Road accidents – where do they occur more frequently?

Although you may not have been watching closely, abacus in hand, the global population has been steadily rising since records began, and we’re showing no signs of slowing our efforts to cram more and more people onto our little blue and green spec of space dust. Although safety standards in cars and on our roads have been improving, the sheer volume of road users bustling for space on our highways means that even with all of our efforts to reduce the numbers of deaths on our roads, we’re still looking at an average yearly number of deaths in excess of 10 per 100,000 road users. Sobering statistics. But what can we learn from the road accident data? Well, many things, but today we’re going to look at where road accidents occur more frequently, so that we may be able to avoid them in our journey or become more aware whilst travelling in a road accident hotspot (incidentally, if you have been affected by a road accident that wasn’t your fault, see dangerous intersections DFW for more details).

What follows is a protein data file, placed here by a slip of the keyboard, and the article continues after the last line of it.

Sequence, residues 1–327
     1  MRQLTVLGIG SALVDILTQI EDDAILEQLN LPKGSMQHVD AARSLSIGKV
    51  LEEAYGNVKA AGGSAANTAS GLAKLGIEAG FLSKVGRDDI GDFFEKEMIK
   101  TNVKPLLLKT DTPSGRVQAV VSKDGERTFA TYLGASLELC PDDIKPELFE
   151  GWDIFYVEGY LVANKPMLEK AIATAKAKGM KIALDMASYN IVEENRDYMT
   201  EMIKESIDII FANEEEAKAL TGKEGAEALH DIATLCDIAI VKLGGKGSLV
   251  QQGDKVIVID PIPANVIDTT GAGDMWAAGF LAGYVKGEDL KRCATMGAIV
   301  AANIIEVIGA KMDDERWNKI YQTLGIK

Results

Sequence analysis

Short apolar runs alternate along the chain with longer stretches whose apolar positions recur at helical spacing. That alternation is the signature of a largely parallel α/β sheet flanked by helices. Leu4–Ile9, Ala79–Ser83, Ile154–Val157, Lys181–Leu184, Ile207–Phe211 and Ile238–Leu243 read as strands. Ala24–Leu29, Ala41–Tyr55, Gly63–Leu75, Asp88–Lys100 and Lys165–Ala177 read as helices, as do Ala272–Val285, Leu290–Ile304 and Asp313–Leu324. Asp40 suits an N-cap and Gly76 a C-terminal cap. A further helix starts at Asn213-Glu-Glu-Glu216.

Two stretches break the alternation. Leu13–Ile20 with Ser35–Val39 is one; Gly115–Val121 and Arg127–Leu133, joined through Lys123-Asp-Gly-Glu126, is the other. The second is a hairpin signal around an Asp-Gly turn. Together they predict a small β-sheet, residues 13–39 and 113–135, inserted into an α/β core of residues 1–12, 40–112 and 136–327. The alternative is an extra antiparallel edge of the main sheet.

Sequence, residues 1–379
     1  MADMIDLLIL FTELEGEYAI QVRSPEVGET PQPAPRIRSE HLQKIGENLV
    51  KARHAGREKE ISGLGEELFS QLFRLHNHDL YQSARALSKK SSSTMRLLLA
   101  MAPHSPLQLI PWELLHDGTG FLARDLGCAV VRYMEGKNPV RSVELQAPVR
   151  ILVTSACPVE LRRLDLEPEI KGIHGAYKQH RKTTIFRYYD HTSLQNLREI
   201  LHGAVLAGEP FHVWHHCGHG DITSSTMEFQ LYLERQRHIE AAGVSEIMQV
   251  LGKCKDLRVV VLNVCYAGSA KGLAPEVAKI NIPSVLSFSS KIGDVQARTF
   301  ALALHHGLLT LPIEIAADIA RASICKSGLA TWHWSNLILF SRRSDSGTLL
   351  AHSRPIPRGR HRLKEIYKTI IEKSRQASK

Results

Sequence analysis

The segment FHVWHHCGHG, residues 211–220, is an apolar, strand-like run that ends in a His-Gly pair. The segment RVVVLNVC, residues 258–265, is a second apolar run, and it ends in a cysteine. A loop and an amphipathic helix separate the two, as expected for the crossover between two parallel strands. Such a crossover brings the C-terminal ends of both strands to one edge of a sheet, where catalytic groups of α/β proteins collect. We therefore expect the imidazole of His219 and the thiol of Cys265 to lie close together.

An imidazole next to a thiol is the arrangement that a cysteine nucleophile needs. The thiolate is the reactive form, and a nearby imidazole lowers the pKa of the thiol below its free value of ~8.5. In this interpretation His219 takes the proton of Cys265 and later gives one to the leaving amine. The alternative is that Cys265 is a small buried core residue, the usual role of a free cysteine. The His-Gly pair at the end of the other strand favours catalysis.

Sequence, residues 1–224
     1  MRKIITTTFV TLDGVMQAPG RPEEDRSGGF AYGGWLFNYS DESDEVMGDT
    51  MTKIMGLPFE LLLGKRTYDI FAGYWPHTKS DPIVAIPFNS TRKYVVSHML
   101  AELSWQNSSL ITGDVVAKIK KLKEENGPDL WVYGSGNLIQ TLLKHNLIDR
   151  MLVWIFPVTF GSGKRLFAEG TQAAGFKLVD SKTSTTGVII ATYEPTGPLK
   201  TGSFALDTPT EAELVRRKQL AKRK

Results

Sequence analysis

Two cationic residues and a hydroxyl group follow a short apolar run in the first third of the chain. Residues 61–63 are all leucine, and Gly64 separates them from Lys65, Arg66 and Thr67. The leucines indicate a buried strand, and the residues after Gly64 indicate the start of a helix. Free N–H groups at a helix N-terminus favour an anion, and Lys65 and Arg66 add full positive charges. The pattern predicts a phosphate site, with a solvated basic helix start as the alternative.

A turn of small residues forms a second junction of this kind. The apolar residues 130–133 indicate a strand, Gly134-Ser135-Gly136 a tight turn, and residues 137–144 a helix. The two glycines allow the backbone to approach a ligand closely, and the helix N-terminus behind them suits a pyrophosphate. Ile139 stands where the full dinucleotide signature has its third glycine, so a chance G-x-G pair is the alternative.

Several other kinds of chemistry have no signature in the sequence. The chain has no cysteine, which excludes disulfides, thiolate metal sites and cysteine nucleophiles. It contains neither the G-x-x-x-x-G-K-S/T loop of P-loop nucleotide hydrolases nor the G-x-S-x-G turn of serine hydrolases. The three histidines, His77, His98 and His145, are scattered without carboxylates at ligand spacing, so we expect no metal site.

Parking lots (known as ‘car parks’ in other areas of the world)

When we think of road accident hotspots, parking lots are a no-brainer. With so many cars moving in close proximity, and with so many other obstacles to consider that aren’t present on normal roads (e.g. pedestrians, shopping carts), the danger of a ‘fender bender’ is significant. Although these accidents tend to be at low speed and therefore injuries are not expected to be severe, parking lots are nevertheless a hotspot for car accidents, personal injury, and personal injury claims.

Highways in rural settings 

Rural highways are a notorious settings for single vehicle accidents. There are two main reasons for this. First, due to the lack of any other vehicles on the road (or certainly due to the presence of only a very limited number of other vehicles, which tend to be spaced out so as not to impact on the driving decisions of others), drivers may lose concentration and veer off the road. Coupled with weathered road markings and potholes, driving conditions on rural highways make for a car accident hotspot.  

Stop signs treated as optional stop signs

First, people may actually eventually come to a stop at stop signs, but only after failing to halt their car before the mark. Then there are the people who don’t stop at all, who treat stop signs as suggestions, not commands. And last, there are the rollers. These are people who roll forwards through stop signs, tentatively poking the nose of their vehicle out into the road ahead.  

Drive carefully through these hotspots, and avoid them if you can!


this is a collaborative post

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